Boban Marjanovic entertained fans of the San Antonio Spurs with his gigantic stature and fantastic skills scoring, rebounding, and even passing.
Marjanovic is a restricted free agent this offseason. A team can sign him to an offer sheet, and the Spurs would have the final say in whether to match the offer and retain him.
It’s essentially a way for a player to gauge his value on the free market without having the freedom to take any deal offered to him.
The Spurs were surely impressed with Marjanovic’s play in limited minutes last season, but how much money would they be willing to commit to bringing him back?
With Tim Duncan’s possible retirement, center is a big hole the Spurs will likely have to address with roster transactions. While outside reinforcements are available for the Spurs to bring in, it will be interesting to what extent they view Marjanovic as a key piece for the future of their team.
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Any significant money spent to retain Marjanovic could impede their ability to sign a marquee free agent. Is keeping Marjanovic worth possibly losing out on a guy like Kevin Durant, Mike Conley, or Al Horford?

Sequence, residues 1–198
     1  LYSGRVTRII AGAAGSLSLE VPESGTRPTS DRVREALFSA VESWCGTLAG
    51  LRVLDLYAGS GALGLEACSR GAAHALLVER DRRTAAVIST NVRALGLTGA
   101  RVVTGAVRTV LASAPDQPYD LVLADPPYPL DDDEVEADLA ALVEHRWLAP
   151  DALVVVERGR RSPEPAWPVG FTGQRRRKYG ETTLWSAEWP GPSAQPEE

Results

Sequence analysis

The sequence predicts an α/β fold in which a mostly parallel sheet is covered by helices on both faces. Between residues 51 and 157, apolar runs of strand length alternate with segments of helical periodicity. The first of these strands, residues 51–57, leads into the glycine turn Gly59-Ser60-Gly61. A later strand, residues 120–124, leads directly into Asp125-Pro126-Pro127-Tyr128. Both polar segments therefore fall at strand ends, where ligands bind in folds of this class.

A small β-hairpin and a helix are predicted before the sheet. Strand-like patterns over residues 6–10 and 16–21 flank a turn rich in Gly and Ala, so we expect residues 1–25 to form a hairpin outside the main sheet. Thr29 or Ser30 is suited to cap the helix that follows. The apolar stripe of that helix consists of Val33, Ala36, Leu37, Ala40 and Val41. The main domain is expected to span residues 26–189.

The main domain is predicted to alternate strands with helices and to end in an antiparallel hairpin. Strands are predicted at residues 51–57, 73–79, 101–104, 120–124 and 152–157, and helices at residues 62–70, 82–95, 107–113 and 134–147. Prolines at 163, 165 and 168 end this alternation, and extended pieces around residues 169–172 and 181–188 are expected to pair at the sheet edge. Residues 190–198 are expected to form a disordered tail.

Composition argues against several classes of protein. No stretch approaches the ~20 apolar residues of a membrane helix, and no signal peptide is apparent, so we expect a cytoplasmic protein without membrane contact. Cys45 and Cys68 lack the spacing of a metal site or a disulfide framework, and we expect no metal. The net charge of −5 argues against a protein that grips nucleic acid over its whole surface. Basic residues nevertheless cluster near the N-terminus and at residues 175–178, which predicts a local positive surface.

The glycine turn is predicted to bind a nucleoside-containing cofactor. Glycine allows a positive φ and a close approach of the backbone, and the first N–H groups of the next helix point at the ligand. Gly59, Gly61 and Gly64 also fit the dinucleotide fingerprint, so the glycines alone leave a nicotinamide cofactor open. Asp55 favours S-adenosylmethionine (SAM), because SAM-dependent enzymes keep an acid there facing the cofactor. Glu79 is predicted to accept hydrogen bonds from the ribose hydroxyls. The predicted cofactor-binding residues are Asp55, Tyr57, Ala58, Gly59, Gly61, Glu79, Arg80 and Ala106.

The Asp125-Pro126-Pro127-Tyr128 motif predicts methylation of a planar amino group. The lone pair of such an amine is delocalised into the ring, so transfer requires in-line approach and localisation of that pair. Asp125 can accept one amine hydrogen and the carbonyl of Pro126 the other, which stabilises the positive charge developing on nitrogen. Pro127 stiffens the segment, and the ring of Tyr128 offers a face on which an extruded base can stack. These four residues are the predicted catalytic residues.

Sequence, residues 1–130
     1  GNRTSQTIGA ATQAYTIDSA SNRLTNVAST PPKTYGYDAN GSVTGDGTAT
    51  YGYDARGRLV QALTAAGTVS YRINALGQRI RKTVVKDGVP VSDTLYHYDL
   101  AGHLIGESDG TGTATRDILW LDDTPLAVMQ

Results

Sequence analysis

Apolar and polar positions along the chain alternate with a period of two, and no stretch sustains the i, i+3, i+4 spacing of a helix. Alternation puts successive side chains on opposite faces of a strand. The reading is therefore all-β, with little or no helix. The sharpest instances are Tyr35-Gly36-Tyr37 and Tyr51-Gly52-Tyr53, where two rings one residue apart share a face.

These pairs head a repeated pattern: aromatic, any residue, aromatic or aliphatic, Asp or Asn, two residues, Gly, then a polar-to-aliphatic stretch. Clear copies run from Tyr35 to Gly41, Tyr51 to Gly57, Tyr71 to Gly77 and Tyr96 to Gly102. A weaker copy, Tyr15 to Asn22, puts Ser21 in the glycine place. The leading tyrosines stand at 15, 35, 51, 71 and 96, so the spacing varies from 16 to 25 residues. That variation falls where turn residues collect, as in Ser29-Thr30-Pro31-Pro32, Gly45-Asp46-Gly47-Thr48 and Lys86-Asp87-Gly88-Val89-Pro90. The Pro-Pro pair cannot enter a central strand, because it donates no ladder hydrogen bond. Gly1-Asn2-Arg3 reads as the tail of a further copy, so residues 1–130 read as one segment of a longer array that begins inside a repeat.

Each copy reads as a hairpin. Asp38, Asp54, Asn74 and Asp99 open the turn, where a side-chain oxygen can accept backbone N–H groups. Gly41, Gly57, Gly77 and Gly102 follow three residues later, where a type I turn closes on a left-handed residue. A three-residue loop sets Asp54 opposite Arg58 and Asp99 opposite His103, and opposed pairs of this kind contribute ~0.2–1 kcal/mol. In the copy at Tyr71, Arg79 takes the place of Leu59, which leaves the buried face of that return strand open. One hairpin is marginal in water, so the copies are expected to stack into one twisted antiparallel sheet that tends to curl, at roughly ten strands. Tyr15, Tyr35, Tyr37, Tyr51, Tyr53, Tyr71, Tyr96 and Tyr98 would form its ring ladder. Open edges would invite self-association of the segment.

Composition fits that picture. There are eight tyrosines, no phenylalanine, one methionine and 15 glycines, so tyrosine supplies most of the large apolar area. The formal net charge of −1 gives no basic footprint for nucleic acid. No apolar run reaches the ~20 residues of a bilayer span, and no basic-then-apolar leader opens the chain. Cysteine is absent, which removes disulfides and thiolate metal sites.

At this stage of his career, Marjanovic would be cashing in on potential he has flashed. With the salary cap increasing by so much, players are expected to be commanding more money than past precedent has dictated for other players of their status.
The average salary in the NBA last season was just over $4 million. The median salary was just under $2 million.
Marjanovic made $1.2 million last season, and ranked as the 362nd highest paid player in the NBA. Only Stephen Curry and Kevin Durant had a higher Player Efficiency Rating than him. It was quite a bargain for San Antonio.
A conservative estimate is that Boban gets offered somewhere around $5 million per season by another team. If the Spurs were to match that, it essentially removes them from any sweepstakes involving a player like Durant, Conley, Horford, or Hassan Whiteside.
The Spurs will have to contemplate what they envision Marjanovic becoming. Invest relatively low on his potential, and if he can impact a game over 30 minutes the way he did over 10 minutes this past season, then he’s a star player they’re getting at a huge discount.
Retaining Marjanovic makes a big free agent acquisition less likely, though, so it’s a big gamble to make.
Basically, can Marjanovic eventually deliver the same value as a guy like Horford or Whiteside? That’s what the Spurs have to decide, and it can have major negative repercussions down the road if they guess wrong.